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Re: auto-growing data size

mark diener wrote:
I came across a python write up about lmdb:



Maximum size database may grow to; used to size the memory mapping. If
database grows larger than map_size, an exception will be raised and
the user must close and reopen Environment. On 64-bit there is no
penalty for making this huge (say 1TB). Must be <2GB on 32-bit.

Well, it will be a penalty on MacOSX, it will create a 1TB file on
disk upon initialization!

If you have a 1TB or larger filesystem, then there's obviously no problem. If the filesystem is smaller than that, obviously you can't choose a size bigger than the filesystem has space for.

What am I missing here?

Most POSIX filesystems don't preallocate space unless you explicitly request it. I.e., setting the size of a file (using ftruncate()) merely stores that number in an inode. You have to do an explicit fallocate() to make the filesystem allocate all of the space.

Since you're on MacOSX, things are different. The default filesystem (HFS or HFS+) doesn't support sparse files, so when you set the size of a file to a particular number, the filesystem allocates the space at that moment.

If you want to get the behavior you're looking for, you need to switch to UFS, which supports sparse files like most other POSIX filesystems.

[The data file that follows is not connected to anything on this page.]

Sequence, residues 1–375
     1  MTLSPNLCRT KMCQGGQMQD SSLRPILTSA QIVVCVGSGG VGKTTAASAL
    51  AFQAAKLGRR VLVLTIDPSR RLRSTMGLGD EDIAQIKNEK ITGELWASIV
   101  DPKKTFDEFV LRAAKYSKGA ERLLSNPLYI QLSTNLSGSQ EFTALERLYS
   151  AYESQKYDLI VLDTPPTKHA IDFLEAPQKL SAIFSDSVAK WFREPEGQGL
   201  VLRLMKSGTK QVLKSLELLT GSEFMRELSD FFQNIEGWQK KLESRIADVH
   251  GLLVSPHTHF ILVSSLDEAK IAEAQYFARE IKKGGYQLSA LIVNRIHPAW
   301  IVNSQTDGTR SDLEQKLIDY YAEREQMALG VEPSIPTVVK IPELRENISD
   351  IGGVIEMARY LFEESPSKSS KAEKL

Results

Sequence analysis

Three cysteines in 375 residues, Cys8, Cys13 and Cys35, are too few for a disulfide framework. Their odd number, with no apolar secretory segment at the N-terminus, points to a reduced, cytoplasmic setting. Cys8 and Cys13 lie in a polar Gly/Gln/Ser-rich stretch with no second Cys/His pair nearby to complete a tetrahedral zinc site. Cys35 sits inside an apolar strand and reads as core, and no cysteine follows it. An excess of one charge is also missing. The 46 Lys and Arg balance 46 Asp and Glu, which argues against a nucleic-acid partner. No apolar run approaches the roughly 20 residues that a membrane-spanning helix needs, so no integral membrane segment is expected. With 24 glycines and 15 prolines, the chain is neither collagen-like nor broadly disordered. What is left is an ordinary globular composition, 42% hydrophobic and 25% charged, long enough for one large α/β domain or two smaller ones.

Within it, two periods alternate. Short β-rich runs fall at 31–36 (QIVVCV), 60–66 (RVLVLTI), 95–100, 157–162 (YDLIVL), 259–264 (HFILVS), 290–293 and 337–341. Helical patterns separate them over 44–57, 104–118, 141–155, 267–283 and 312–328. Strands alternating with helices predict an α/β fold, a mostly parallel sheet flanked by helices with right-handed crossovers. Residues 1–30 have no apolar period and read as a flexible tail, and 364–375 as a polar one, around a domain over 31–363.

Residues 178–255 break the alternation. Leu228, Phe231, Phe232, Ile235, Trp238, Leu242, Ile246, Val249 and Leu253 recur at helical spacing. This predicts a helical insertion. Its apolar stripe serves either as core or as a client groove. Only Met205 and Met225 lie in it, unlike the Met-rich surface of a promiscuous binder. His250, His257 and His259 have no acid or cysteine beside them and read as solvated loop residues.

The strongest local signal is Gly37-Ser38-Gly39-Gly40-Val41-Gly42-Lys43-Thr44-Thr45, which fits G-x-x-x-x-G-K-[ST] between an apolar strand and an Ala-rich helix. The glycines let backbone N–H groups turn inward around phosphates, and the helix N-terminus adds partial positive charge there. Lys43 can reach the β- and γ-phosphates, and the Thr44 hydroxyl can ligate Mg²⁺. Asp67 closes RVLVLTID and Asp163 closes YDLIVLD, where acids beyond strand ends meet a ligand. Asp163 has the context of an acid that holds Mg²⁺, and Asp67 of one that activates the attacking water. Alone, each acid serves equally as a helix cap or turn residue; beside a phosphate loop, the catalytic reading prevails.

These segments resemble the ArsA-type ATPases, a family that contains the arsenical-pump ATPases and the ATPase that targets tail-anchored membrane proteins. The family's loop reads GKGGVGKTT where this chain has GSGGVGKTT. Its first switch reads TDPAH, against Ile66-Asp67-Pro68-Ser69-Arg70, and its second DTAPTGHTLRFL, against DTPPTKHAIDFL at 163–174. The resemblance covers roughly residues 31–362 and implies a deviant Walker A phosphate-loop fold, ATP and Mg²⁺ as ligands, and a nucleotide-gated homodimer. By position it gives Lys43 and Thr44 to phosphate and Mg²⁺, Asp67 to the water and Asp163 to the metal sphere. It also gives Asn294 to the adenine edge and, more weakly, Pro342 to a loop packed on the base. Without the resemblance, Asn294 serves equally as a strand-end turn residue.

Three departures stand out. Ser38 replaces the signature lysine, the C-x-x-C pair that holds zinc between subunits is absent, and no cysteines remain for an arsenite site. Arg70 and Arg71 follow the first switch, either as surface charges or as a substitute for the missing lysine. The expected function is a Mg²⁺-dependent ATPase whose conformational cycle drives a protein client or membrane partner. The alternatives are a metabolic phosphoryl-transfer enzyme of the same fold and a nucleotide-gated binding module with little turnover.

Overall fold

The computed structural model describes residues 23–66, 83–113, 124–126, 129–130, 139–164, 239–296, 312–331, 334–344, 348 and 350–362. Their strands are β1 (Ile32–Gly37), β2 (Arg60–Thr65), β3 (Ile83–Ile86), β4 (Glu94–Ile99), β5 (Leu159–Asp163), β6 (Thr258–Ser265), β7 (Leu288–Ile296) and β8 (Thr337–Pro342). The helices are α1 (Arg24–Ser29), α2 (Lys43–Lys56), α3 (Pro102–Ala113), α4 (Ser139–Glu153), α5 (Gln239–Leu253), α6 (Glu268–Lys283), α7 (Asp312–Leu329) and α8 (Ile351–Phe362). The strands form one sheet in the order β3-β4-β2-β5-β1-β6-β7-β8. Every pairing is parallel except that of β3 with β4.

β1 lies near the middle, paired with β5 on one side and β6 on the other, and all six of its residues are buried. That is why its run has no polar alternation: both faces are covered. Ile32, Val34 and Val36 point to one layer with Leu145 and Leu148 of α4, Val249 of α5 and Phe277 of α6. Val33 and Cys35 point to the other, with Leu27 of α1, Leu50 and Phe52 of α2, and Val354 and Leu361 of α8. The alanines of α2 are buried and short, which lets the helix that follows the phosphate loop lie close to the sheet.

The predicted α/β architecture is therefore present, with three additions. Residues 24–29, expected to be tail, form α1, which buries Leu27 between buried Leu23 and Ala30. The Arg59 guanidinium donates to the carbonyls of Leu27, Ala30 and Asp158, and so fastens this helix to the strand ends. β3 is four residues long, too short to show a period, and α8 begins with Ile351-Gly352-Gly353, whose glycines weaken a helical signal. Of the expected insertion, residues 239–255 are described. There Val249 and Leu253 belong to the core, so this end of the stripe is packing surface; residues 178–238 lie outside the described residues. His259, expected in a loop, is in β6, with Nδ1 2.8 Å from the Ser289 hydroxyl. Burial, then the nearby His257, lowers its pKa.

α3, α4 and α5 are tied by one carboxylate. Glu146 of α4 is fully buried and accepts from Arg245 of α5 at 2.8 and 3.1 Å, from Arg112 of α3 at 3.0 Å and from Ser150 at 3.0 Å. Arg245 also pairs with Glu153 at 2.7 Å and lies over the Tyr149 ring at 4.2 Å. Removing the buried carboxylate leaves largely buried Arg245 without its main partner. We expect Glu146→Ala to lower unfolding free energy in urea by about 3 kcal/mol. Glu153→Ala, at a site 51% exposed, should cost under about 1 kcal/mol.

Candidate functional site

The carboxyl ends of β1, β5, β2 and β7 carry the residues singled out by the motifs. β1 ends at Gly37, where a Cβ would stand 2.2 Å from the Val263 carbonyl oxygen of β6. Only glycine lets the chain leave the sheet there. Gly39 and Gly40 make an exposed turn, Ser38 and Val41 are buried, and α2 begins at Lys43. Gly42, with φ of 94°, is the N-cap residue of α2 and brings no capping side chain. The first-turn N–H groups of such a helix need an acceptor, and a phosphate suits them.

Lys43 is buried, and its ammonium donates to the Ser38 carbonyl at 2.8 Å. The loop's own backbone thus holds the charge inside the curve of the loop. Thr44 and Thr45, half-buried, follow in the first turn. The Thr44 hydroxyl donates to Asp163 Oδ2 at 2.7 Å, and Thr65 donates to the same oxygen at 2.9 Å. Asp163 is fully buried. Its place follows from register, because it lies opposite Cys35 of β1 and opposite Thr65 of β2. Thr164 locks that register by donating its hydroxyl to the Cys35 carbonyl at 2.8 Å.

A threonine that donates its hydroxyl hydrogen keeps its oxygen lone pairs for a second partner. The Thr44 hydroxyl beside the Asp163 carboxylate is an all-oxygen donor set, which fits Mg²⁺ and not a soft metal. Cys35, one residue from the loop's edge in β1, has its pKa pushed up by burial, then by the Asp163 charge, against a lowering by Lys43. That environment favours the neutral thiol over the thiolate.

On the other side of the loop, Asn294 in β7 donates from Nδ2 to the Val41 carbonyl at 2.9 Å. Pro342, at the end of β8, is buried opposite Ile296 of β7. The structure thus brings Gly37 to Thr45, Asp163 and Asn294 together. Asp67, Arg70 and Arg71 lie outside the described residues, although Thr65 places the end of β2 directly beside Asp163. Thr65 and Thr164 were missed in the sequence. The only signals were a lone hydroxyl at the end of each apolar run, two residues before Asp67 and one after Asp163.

Meanwhile - even if you're using HFS, you should still just set the map size to the largest value you ever expect to use. Preallocating the space will give better runtime performance, and will allow the FS to optimize the layout of the allocated blocks.


On Wed, Apr 11, 2018 at 10:27 AM, mark diener <rpzrpzrpz@gmail.com> wrote:
Anybody have any idea on how to have the database file
grow until you get to the mapsize instead of pre-allocating the entire
mapsize (4GB) upon initialization?

mdb_env_set_mapsize() ;

I don't mind having an upper limit on the map size, but I think it
would be helpful
to have it grow to the upper limit, not preallocate the space on storage.

Your thought here is invalid.

There are various areas in the documentation where it talks about
having the database not grow without bounds.



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